Roslyn Board In Favor Of Lumber Road Apartments


By Jada Butler

45 Lumber Rd. in Roslyn (Photo by Caroline Ryan)

The Roslyn Board of Trustees conducted a virtual public hearing on Sept. 15 to hear ongoing revisions to site plans for the proposed apartment complex at 45 Lumber Rd. Following the board’s July 21 hearing, the applicant addressed previous concerns regarding water and sewage systems, traffic and the impact on the school district.

After the applicant submitted revised supporting documents for the proposal on Aug. 14, the board found many of these concerns resolved.

Deputy Mayor Marshall Bernstein shared the results of a full Environmental Assessment Form, which found that the project posed no identifiable potential impacts on the environment. The Nassau County Planning Department gave the proposal the green light with the strong suggestion that Roslyn adopt a new policy in affordable housing in connection with new rental or housing projects. This policy would mandate 20 percent of rental units within a complex be set aside for affordable housing for low- and moderate-income families. New York State law mandates a 10 percent minimum. The applicant agreed to this condition.

The applicant shared that, verbally, Nassau County confirmed there is adequate capacity to handle water and sewage on this property. A written letter of approval from the county has been drafted and is awaiting final confirmation from the village pump station before it is submitted to the board.

No new construction of pipelines will be necessary, as the project will operate on the current existing system in place on the property, according to the applicant’s representative, Thomas Pantelis.

The board shared no further concerns and Bernstein turned the floor to public comment, opening with remarks from attorney Carrie Anne Tondo of the Hauppauge-based Ingerman Smith LLP, representing the Roslyn School District.

“Amid growing concerns, at this time the district opposes this application,” Tondo said. She stated the preliminary analysis of the proposal if approved in its current state revealed the addition of at least 16 new students. This number, she said, is at odds with the projected cost of new students expected from this project, exceeding the listed $5,000 per student at the cost of the taxpayer.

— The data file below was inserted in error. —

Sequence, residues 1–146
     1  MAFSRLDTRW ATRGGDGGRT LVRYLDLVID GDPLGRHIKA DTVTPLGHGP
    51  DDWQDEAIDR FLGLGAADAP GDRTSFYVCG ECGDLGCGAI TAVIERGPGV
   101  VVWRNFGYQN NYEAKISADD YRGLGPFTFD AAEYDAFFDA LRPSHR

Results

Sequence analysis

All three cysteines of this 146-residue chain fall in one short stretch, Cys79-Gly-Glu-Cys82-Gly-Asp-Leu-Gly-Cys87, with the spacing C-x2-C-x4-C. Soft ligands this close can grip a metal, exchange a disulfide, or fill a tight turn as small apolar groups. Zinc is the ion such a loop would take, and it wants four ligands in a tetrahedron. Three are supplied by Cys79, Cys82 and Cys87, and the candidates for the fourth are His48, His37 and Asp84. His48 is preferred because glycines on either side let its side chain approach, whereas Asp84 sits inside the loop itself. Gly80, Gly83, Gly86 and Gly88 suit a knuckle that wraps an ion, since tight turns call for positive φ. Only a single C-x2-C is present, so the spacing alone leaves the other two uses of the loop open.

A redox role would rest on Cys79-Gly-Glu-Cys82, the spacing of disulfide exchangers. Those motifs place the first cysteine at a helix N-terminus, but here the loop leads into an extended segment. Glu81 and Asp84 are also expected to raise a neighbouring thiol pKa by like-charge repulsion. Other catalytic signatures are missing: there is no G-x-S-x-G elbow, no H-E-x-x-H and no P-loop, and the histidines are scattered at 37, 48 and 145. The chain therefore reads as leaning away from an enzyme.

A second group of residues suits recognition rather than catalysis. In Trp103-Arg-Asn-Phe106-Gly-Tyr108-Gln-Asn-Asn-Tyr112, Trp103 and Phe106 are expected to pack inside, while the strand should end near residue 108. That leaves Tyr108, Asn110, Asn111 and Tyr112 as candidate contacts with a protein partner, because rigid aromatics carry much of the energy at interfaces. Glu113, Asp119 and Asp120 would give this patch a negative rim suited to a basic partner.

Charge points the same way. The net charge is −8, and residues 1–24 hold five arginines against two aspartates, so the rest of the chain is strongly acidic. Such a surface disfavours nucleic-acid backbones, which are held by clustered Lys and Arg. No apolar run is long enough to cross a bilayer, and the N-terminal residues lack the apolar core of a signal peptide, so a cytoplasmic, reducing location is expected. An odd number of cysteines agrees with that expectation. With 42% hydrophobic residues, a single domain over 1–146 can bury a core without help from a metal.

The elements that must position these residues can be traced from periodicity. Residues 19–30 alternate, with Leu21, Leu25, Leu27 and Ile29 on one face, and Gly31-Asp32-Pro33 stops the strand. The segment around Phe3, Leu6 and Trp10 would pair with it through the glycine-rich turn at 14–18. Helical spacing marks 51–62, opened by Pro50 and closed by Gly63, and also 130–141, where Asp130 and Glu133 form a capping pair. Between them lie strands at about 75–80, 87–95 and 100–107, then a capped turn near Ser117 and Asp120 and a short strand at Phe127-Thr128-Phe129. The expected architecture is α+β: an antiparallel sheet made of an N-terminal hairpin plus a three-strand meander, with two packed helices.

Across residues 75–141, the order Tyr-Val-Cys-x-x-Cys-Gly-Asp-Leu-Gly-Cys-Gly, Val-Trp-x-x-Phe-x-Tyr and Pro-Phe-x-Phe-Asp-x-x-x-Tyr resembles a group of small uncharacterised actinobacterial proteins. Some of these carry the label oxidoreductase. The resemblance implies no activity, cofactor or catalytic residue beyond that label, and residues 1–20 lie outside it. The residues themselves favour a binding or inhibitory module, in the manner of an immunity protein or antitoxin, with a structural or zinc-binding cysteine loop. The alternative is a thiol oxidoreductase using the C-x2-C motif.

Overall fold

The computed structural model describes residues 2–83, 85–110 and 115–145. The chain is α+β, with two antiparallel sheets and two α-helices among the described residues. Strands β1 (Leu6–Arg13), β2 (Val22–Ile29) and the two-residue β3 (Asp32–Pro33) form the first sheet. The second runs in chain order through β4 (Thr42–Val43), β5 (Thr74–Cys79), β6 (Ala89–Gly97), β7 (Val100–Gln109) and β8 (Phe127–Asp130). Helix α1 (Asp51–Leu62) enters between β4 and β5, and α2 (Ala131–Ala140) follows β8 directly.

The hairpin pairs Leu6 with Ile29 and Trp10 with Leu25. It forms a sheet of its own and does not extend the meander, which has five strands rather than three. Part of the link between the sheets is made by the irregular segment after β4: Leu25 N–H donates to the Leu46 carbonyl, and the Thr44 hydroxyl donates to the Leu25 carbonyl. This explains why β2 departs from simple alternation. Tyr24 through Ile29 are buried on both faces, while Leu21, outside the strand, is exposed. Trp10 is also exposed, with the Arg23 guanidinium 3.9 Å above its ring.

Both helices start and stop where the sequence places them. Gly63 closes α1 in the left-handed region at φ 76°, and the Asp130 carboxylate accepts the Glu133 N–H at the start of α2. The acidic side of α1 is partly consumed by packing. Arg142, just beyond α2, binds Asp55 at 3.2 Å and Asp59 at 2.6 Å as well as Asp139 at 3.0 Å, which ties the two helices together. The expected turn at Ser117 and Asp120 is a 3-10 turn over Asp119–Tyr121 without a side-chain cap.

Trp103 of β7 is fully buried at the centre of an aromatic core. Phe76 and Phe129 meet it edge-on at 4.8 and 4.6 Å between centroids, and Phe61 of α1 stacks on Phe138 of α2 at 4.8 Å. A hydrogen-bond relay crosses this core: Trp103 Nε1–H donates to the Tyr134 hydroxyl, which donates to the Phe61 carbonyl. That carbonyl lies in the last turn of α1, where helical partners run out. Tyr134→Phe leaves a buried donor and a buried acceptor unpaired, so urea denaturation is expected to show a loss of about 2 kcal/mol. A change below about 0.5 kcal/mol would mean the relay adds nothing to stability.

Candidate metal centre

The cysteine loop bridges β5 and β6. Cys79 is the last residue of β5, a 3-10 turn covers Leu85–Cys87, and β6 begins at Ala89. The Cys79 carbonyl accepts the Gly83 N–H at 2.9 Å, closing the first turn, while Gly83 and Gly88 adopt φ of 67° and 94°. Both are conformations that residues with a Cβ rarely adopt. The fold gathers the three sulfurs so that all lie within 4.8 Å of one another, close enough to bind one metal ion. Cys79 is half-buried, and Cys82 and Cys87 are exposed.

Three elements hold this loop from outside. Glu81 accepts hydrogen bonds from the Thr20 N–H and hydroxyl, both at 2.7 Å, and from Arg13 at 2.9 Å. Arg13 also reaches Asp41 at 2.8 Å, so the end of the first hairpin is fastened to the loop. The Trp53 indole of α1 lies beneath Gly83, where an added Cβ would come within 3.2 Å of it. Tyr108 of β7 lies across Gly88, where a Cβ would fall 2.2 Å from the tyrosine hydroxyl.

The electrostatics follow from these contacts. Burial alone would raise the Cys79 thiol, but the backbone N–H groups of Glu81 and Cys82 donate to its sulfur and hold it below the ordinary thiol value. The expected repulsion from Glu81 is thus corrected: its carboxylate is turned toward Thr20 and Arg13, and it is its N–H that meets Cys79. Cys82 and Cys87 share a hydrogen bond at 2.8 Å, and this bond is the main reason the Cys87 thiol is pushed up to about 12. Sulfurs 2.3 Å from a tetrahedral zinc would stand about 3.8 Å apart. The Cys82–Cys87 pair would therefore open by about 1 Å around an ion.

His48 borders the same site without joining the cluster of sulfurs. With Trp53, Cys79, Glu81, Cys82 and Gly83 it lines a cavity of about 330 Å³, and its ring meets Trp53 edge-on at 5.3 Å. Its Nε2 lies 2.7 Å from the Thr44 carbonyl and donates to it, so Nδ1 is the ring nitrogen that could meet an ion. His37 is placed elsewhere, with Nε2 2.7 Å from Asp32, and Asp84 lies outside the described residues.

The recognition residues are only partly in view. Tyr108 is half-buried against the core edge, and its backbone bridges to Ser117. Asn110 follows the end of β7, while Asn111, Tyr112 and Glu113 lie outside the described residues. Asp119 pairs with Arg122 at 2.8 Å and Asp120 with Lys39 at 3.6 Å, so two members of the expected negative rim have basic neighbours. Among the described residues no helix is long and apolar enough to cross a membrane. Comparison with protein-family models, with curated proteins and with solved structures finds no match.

Tondo stated prolonged studies show “enrollment is on the rise in the district,” growing to 144 in the next five years without the addition of new or expanded housing projects.
Pantelis shared information which contested Tondo’s claim. A May 2019 study conducted by the Real Estate Institute at Stony Brook University College of Business analyzed the impact of market rate apartments similar to the Lumber Road project on school district enrollment across Long Island.

The study found that in the last 15 years, the greatest number of students produced from these apartments in any one year averaged to 313, or less than one student per 11 units.

This, the applicant argued, anticipates only three to four new student-aged residents to come from the proposed units.

Tondo “respectfully disagreed,” arguing that the data from the 2019 study did not include factors presented by the COVID-19 pandemic. Tondo argued that the independent study ordered by the school district, performed by a professional demographer specializing in enrollment studies, better reflects the current reality which yields an anticipated 16 new students.

“What if your study is wrong, and ours is right? Who pays the price, the taxpayers?” Tondo said.

To conclude the hearing, Bernstein shared a resolution written by Mayor John Durkin, who could not attend. Durkin shared his support and overall approval for the project, and thanked the applicant for making sure all factors of the project were in order. Regarding the concerns with the school districts, Durkin stated that the Village of Roslyn would not bar any children from receiving an education in their district. He pointed out that because of the 20 percent affordable housing units mandate, the anticipated new students could potentially come from a low socioeconomic standing, and he did not agree with the school district’s stance on excluding those children from the education system.

“It does not align with the vision or values of our community,” he wrote.

The board will continue to review newly-added information and follow updates on the project’s progression to discuss at the next meeting. The Board of Trustees will reconvene on Tuesday, Oct. 21 via Zoom.

—Jada Butler is a contributing writer for Anton Media Group

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